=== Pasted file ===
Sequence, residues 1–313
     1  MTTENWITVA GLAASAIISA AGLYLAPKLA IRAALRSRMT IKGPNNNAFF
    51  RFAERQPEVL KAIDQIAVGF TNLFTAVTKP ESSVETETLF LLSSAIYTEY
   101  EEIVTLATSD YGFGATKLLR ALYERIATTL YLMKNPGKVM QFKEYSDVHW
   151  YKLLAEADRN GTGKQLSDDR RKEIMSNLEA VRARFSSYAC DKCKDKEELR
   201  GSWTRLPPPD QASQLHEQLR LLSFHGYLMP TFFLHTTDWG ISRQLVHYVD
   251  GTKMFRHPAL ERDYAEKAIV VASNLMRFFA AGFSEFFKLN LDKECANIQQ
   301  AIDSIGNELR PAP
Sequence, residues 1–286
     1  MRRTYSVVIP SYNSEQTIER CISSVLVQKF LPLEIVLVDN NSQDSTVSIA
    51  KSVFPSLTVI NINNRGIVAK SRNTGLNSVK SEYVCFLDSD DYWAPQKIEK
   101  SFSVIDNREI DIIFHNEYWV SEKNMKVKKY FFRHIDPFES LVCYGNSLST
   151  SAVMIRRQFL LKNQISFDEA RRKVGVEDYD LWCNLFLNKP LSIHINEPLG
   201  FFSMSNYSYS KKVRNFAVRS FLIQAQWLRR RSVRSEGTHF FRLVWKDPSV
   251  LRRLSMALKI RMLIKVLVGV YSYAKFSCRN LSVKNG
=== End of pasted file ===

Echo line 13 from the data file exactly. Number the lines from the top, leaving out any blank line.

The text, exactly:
   151  SAVMIRRQFL LKNQISFDEA RRKVGVEDYD LWCNLFLNKP LSIHINEPLG